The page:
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Syracuse (New York, United States) (search for this): chapter 6
resistance, endurance, and flight. Those who in later years read the fine dramatic delineations in the poem Barclay of Ury do not quite appreciate the school in which Whittier learned what life meant to Barclay. The first time that actual violence came near Whittier, in his own town of Haverhill, though it missed him, was after there had been established (on April 3, 1834) an antislavery society of which he was secretary. A year or so later, in August, 1835, the Rev. Samuel J. May of Syracuse, N. Y., preached in the Unitarian pulpit at Haverhill and announced that he should give an antislavery address in the evening. The result is thus described by the historian of Haverhill:-- The evening meeting was entirely broken up by a mob outside, who threw sand and gravel and small stones against the windows, breaking the glass, and by their hootings frightened the female portion of the audience, and led to the fear on the part of all, that more serious assaults would follow if the me
Haverhill (Massachusetts, United States) (search for this): chapter 6
time that actual violence came near Whittier, in his own town of Haverhill, though it missed him, was after there had been established (on Ael J. May of Syracuse, N. Y., preached in the Unitarian pulpit at Haverhill and announced that he should give an antislavery address in the evening. The result is thus described by the historian of Haverhill:-- The evening meeting was entirely broken up by a mob outside, who mults of that otherwise quiet Sabbath evening. Chase's History of Haverhill, p. 505. The preacher thus mobbed was, by universal admission the other avenues being guarded, and hurried in the direction of Haverhill. In the morning they stopped to refresh themselves and their tirhe landlord told them that there had been an abolition meeting at Haverhill the night before, and that George Thompson, the Englishman, and aand mouth with wonder as they drove away. When they arrived at Haverhill they learned of the doings of the mob there, and the fortunate es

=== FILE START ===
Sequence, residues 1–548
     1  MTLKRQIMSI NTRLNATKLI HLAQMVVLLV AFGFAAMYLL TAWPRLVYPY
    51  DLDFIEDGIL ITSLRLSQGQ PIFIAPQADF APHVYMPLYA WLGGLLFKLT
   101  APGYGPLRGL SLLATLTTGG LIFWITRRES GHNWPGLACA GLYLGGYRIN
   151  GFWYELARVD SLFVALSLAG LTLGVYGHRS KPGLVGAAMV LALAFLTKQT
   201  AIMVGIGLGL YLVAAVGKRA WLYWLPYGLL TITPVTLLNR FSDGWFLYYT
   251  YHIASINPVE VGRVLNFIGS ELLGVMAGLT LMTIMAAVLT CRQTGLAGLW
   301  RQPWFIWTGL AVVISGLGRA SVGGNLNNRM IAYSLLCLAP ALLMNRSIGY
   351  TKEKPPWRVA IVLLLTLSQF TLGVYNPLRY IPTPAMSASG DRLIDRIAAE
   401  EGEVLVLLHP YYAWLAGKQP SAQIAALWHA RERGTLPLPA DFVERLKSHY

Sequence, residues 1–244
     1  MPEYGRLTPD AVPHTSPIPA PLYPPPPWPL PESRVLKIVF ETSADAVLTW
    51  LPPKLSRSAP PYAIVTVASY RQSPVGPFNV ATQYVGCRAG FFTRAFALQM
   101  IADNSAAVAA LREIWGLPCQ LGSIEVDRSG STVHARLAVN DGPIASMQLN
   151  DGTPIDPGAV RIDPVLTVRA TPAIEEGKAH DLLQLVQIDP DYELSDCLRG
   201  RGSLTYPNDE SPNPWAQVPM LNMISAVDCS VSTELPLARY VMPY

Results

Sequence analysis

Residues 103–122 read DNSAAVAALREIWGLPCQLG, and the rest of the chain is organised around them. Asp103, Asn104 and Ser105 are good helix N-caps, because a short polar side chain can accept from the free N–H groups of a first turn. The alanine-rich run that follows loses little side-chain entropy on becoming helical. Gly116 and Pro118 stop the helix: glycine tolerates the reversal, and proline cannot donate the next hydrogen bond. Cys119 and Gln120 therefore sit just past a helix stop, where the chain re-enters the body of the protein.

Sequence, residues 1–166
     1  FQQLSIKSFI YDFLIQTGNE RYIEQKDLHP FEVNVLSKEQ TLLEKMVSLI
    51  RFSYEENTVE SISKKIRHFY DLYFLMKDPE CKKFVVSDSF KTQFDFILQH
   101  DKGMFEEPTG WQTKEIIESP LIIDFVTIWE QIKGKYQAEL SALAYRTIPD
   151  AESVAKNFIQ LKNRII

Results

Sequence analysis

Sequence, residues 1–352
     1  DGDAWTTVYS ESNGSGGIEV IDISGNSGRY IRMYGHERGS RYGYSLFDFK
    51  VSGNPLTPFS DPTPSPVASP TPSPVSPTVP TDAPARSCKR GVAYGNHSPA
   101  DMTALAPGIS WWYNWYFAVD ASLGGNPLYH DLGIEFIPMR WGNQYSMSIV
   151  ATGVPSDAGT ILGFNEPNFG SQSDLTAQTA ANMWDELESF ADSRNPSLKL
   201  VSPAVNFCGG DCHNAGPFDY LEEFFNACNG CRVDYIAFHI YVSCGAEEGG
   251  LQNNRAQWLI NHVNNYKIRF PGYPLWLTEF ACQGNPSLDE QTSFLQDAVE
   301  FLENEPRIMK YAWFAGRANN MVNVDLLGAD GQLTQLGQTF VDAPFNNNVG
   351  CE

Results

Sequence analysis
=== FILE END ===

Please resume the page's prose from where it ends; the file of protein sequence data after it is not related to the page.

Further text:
Salem (Massachusetts, United States) (search for this): chapter 6
ere is my country (Ubi libertas, ibi patria) replied that this was a coward's phrase, since the brave man's watchword would be, Where liberty is not, there is my country. Thompson was of course received with peculiar hostility as a foreigner, a feeling not yet extinct, for it is not many years since I saw him disdainfully classed as a foreign carpet-bagger, and that by one of the most eminent of Boston philanthropists. He had been mobbed, accordingly, in one place after another, including Salem, whence he had escaped with difficulty and had been afterward secreted by Whittier for two weeks in East Haverhill. He and Whittier had personally undertaken a few antislavery meetings, and had set out for that purpose. I take what followed from the excellent description of their friend, Mrs. Cartland:-- ... Thinking themselves secure because personally unknown, the two friends drove to Plymouth, N. H., to visit Nathaniel P. Rogers, a prominent abolitionist. On their way they stopped
Kansas (Kansas, United States) (search for this): chapter 6
mischief enveloped in flames. The devouring element seemed to wear, combined with its terrible majesty, beauty and delight. To witness those beautiful spires of flame gave undoubted assurance to the heart of the Southron that in his brethren of the North he has friends. Linton's Whittier, pp. 74-76. This shows what the mob discipline was. It did not drive Whittier from his non-resistant principles, as was the case with most of the men of that stamp who went nearly thirty years later to Kansas; it only made him more absolutely sure and resolute in proclaiming the antislavery gospel. Nor was this the whole story. The next day a Shelter for coloured Orphans was burned, and a church of the coloured people attacked and damaged. The day before the first attack the Pennsylvania Antislavery Society had announced a meeting at the hall for the election of officers, and at the appointed hour it met by the smoking ruins and went through its business amid the howling of the mob. The tum
Plymouth, N. H. (New Hampshire, United States) (search for this): chapter 6
hilanthropists. He had been mobbed, accordingly, in one place after another, including Salem, whence he had escaped with difficulty and had been afterward secreted by Whittier for two weeks in East Haverhill. He and Whittier had personally undertaken a few antislavery meetings, and had set out for that purpose. I take what followed from the excellent description of their friend, Mrs. Cartland:-- ... Thinking themselves secure because personally unknown, the two friends drove to Plymouth, N. H., to visit Nathaniel P. Rogers, a prominent abolitionist. On their way they stopped for the night in Concord at the house of George Kent, who was a brother-in-law of Rogers. After they had gone on their way, Kent attempted to make preparations for an antislavery meeting to be held when they should return. There was furious excitement, and neither church, chapel, nor hall could be hired for the purpose. On their arrival Whittier walked out with a friend in the twilight, leaving Thomps